|Focusing on aspects of community involvement in the Smithsonian’s Sikh Heritage Project, which|
since its founding in 2000 has included an exhibition and many other public activities, this paper considers
some differences in the conceptualization of what constitutes “heritage” as perceived by Sikh community
members, museum staff, and the broader museum public. It also considers the negotiations that took place
about how Sikh heritage should be represented, because at each venue, the exhibition provided an important
space for local Sikh communities to debate and celebrate their traditions, and to introduce a broad non-Sikh
public to a culture that many perceived as exotic and little-known. In this interaction, Sikh communities actively
tried to learn from the “culture” of museums as well, especially in two areas: The first is finding effective
methods for helping a broad public better understand the Sikhs who live among them. The second is the
growing acceptance of museum approaches to care of valued objects. For this, communities helped send
museum staff and conservators to India and into Sikh communities, advising on the many differences between
traditional Sikh social practice in treatment of “heritage” objects, and museum methods that would ensure their
physical survival for much longer.
Sikh Material Heritage and Sikh Social Practice in a Museum-Community Partnership: The Smithsonian’s Sikh Heritage Project by Paul Michael Taylor
Click the PDF icon to view, right click to save as.
|Paul Michael Taylor, a research anthropologist at the Smithsonian’s National Museum of Natural History, is Director of that museum’s Asian Cultural History Program, and serves as Curator of Asian, European, and Middle Eastern Ethnology. He has written or edited twelve books and numerous scholarly articles on the ethnography, ethnobiology, languages,|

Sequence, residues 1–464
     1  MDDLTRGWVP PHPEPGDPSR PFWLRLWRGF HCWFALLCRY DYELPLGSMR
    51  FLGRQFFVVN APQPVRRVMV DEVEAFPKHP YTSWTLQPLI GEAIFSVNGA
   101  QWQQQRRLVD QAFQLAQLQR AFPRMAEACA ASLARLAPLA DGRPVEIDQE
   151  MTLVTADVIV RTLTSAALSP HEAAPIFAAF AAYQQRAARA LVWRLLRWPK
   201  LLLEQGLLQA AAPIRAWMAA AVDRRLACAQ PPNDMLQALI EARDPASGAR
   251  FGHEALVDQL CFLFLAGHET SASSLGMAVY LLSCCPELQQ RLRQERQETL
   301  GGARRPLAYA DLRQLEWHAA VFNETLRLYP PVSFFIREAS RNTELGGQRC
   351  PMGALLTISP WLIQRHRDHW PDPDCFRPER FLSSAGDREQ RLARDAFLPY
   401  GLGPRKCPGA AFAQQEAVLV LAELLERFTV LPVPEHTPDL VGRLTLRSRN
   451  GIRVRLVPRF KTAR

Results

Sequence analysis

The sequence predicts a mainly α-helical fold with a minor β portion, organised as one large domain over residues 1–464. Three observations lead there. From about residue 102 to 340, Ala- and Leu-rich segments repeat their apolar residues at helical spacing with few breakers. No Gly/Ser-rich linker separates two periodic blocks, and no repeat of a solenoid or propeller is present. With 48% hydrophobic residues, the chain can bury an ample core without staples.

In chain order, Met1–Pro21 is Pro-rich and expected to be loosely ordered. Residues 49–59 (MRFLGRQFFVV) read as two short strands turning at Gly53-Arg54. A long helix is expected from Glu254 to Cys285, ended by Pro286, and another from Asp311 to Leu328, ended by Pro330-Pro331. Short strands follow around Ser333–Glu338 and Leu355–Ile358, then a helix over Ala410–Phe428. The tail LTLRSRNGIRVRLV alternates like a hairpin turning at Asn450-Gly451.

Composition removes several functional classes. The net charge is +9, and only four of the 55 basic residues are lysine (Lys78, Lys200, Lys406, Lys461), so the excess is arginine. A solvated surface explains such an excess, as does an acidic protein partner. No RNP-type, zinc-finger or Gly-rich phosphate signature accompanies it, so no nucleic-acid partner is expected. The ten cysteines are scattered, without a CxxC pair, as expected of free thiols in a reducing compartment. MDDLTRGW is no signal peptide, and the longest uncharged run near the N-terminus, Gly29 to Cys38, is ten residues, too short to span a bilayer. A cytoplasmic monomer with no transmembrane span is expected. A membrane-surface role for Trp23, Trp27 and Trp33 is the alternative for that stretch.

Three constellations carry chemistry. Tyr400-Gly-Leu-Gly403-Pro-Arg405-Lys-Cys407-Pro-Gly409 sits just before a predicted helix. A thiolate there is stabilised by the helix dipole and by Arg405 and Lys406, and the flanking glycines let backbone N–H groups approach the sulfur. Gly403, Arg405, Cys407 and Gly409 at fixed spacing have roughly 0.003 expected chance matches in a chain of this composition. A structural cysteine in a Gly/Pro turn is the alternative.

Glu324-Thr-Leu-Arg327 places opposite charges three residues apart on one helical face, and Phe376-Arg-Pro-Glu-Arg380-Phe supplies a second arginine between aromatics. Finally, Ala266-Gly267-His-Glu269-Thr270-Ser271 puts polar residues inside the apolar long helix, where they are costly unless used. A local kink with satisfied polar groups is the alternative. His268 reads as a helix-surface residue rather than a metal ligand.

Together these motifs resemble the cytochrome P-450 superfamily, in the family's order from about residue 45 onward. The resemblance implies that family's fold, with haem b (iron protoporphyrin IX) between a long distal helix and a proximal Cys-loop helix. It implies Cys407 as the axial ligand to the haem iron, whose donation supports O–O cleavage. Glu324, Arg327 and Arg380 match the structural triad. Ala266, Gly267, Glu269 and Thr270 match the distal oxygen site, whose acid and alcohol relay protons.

and art (or material culture) of Asia, especially Indonesia. He has also curated twenty-one museum exhibitions (includingfive on-line virtual exhibitions), and served as the Director of Ethnographic Film Development for Essential TV (Overseas) Ltd to develop twelve documentary anthropological films. During his studies of rural social, ecological, and poverty-alleviation issues, and his work on documentary films, he lived for over four years in small tribal or rural villages of Southeast Asia. The recipient of numerous international grants and awards, he has served on the Board of Directors of the Association for Asian Studies, and has been a longtime member of the Smithsonian’s Asian-Pacific American Heritage
Committee. He has worked closely with many individuals and community organizations to establish “Heritage” projects at the Smithsonian, including the Smithsonian’s Sikh Heritage project, founded in February 2000, which has hosted numerous conferences since 2001 (including the 2006 Sikh Heritage Lectures held in Chandigarh, India, co-organized with the Anandpur Sahib Foundation). Its flagship exhibition, “Sikhs: Legacy of the Punjab,” first opened at the Smithsonian’s National Museum of Natural History on July 24, 2004.